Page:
Radioactive Metal Complexes for Tumour Diagnosis and Therapy
A team under the direction of chemist Prof. Dr Peter Comba is investigating radioactive metal complexes for use in the diagnosis and treatment of tumours. In their recent studies at Heidelberg University's Institute of Inorganic Chemistry, the researchers demonstrated that developing radiopharmaceutical tracers based on indium and actinium shows great promise for new radiopharmaceuticals. The results from this basic research will be used in further studies with a view toward possible applications.
The radiopharmaceutical tracer concept uses a biological vector to locate diseased tissue in the organism. The vector, such as a peptide or an antibody, is marked with a radioactive element and administered to the patient. This radiative unit accumulates at its target, and depending on the element's decay process, the radiation can render the tumour cells visible or destroy them. "One important advantage of this method is that it can be used to find individual cells and thus allow treatment of very small tumours," explains Prof. Comba.
The radioactivity in these drugs is so strong that only very small concentrations are needed to visualise or destroy tumours. Picomolar to nanomolar solutions are used. The concentration of radioactive atoms in such a solution is about one million times smaller than that of sodium ions in the blood.
According to Prof. Comba, there are many reasons for labelling biological vectors with radioactive metal ions. There is a wide range of available elements and isotopes with ideal half-life times, decay processes and energy for diverse applications. The metal ions are bound to organic molecules called bifunctional chelators (BFCs), which in turn are attached to the tumour-seeking biological vectors.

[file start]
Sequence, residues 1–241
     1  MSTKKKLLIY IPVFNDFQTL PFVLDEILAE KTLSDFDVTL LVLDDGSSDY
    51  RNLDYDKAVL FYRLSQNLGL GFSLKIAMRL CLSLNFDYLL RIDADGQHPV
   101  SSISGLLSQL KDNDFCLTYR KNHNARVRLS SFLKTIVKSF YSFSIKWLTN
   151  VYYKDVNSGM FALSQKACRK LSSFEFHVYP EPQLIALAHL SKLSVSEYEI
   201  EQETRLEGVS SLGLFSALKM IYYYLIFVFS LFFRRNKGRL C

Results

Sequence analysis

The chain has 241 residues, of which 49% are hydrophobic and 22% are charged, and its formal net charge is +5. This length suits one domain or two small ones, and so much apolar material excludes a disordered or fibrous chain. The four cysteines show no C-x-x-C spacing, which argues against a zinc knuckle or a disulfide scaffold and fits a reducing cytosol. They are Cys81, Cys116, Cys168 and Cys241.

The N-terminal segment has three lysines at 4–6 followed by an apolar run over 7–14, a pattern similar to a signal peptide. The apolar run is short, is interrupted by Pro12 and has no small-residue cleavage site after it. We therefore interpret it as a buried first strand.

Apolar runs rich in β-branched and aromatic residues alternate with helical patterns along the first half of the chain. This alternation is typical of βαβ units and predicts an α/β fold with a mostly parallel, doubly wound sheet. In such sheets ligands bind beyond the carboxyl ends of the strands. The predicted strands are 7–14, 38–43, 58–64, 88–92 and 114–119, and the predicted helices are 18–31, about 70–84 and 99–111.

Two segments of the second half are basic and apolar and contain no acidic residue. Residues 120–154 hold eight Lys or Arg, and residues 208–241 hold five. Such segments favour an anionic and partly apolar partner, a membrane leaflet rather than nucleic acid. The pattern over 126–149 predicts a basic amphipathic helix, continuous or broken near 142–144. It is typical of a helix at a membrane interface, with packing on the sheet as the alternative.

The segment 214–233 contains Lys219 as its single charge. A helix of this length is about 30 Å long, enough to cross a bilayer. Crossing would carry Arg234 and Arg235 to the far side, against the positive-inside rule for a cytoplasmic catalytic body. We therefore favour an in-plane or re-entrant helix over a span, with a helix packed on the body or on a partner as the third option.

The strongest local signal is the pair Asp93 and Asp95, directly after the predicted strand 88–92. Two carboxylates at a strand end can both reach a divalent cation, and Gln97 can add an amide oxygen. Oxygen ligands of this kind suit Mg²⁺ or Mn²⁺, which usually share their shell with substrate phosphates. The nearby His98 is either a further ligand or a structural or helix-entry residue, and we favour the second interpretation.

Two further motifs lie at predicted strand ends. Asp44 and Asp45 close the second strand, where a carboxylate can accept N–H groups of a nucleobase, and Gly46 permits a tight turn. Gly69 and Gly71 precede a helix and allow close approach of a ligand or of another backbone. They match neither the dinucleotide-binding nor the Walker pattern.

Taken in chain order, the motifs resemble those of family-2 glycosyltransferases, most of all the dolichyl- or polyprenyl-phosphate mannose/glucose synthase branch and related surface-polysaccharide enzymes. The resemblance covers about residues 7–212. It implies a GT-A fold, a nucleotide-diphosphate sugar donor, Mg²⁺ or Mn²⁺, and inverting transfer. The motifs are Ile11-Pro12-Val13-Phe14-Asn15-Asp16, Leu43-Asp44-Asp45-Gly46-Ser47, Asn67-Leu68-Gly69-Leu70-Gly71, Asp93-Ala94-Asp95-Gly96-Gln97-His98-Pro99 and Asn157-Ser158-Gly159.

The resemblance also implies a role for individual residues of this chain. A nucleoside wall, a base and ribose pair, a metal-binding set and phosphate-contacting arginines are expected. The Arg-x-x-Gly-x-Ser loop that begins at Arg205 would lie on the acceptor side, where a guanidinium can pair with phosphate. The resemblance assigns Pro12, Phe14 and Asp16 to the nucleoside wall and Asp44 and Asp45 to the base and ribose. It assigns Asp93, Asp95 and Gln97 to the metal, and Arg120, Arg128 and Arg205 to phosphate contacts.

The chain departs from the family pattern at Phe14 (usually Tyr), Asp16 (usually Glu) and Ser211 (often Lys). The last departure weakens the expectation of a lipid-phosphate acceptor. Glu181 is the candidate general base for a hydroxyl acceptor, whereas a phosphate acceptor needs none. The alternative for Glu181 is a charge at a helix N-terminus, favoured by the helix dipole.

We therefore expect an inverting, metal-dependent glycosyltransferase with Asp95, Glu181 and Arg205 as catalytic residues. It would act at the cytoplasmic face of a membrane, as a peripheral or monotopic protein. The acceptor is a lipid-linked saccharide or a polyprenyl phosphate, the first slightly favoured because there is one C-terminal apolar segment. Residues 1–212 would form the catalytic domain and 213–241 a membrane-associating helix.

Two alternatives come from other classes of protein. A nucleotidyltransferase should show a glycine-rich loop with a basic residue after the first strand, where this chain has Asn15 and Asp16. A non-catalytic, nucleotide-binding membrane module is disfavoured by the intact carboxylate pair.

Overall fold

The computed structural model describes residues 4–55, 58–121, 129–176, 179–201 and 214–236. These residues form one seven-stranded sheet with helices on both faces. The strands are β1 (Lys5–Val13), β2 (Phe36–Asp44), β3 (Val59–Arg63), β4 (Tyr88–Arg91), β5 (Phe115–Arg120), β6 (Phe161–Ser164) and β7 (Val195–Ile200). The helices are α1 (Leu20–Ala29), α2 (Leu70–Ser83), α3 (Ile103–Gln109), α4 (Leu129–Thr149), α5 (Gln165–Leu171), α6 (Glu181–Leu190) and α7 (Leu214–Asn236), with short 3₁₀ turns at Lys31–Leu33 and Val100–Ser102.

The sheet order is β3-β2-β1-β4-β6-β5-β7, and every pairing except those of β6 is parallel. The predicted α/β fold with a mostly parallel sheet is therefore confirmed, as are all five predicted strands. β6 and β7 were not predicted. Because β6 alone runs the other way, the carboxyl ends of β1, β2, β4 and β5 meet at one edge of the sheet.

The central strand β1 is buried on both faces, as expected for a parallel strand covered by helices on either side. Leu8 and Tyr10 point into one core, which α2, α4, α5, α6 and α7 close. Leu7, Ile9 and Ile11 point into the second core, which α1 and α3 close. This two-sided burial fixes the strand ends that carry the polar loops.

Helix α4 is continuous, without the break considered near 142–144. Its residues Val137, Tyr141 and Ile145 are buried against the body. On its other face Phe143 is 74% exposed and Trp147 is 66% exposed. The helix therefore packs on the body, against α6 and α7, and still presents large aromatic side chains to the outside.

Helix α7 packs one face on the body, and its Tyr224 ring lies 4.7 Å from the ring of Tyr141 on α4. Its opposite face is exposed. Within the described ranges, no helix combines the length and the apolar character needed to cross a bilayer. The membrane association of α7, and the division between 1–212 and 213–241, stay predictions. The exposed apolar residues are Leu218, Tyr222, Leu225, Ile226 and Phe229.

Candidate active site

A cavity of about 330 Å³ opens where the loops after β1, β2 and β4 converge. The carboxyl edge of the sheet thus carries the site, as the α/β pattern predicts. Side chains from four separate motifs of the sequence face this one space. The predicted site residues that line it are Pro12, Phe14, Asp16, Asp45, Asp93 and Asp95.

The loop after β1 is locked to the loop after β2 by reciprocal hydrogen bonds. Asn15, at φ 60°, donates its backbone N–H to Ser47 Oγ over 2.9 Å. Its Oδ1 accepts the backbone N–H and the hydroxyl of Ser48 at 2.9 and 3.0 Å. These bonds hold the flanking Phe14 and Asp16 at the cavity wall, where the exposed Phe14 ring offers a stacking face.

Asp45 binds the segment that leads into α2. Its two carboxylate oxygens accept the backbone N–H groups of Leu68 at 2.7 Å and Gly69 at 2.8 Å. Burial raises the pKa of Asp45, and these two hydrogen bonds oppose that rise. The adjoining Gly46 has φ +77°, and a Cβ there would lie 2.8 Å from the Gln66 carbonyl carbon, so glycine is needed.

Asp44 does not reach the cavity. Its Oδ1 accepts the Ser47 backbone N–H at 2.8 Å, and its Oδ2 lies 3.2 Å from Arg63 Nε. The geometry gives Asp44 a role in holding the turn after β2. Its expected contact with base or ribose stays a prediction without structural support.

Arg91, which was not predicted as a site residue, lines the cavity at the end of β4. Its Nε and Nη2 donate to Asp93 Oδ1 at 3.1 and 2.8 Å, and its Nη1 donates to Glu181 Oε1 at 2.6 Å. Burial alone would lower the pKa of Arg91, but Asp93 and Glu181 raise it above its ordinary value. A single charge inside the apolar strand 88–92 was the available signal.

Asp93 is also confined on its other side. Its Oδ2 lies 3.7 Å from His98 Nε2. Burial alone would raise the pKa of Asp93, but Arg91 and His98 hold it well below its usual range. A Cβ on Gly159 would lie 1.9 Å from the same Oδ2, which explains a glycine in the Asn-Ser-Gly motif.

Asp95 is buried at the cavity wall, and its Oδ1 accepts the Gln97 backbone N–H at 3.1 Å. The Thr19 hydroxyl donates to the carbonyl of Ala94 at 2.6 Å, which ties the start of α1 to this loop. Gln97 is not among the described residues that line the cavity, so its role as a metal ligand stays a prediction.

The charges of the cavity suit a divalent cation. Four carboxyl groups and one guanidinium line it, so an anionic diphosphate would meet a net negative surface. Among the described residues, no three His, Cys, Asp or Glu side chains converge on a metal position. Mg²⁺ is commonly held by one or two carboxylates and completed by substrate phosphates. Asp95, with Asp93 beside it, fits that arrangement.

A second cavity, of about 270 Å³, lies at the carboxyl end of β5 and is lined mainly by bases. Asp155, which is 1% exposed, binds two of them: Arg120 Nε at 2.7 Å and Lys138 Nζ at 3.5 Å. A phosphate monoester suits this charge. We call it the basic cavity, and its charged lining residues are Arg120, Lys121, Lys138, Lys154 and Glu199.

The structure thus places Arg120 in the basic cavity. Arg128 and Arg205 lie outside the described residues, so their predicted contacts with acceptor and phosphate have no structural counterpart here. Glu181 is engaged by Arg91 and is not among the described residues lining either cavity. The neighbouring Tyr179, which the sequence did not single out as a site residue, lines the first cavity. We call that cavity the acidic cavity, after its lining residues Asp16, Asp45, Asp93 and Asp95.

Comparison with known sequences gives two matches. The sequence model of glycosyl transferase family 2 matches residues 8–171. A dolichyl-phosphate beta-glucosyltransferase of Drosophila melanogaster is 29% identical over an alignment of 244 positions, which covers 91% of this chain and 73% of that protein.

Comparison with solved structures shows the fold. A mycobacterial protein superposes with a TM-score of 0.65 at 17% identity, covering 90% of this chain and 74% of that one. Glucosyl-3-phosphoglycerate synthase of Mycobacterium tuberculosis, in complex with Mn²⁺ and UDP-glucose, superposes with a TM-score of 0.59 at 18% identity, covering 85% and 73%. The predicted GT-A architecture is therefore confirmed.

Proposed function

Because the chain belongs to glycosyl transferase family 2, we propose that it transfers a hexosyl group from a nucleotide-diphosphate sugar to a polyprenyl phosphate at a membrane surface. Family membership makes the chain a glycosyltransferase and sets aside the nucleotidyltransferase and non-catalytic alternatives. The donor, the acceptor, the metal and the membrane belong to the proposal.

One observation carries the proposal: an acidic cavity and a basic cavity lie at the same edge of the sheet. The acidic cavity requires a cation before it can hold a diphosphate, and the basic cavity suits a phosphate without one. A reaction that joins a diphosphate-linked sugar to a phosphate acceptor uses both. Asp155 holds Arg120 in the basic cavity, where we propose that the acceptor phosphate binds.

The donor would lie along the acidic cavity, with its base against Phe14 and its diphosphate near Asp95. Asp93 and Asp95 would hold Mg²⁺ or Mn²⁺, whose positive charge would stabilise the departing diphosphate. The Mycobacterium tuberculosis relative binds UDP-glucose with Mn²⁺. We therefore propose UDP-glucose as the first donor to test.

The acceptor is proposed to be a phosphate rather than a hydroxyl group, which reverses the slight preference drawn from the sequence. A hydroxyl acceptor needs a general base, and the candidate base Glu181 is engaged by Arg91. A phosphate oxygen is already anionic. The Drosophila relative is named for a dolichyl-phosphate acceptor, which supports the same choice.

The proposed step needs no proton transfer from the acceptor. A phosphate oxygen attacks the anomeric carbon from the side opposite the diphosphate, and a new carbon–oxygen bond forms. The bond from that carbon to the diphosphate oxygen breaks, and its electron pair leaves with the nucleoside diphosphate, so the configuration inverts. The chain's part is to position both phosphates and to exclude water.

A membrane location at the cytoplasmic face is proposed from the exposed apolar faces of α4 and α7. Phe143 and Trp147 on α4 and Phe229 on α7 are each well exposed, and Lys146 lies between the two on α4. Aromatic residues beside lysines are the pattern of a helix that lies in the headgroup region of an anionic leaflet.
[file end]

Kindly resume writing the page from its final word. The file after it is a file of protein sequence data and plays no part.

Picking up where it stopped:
Speed and efficiency are important in marking the tracers with radioactive metal ions. It must also be done under physiological conditions so that the biological vectors remain undamaged. It is additionally critical that the radioactive atom is strongly bound to the BFC. "Under no circumstances should it get lost on the way to the tumour cell," explains Prof. Comba. "Because the radioactivity gets distributed throughout the entire body, it would be disastrous for sharp images or the selective destruction of tumour cells."
Rapid labelling, an extremely small concentration and high stability are conditions that are very difficult to achieve simultaneously. In developing the special tracer molecules, the Heidelberg researchers are focused on BFCs, whose structure is similar to the extremely stable diamond geometry. Over the last several years, Prof. Comba's team had already demonstrated these BFCs to be an extremely promising platform for developing radiopharmaceutical tracers with copper ions - in this case copper-64.
Further work sought to extend the application spectrum to other radiometals important in nuclear medicine. The actinium-225 isotope is of particular interest; until now, no BFC has proved potent enough. For her doctoral dissertation, Dr Katharina Rück of Prof. Comba's team concentrated on synthesising new types of bifunctional chelators for radioactive metal ions such as actinium-225. These new BFCs were studied extensively in collaboration with colleagues in Canada, who also conducted the radiochemical studies.
The results are quite promising using indium-111 for diagnosis and actinium-225 for therapy, which means that the same tracer but with different metal ions can be used for both diagnosis and therapy. The new BFC will now be coupled to biological vectors and tested in animals.
Source: University of Heidelberg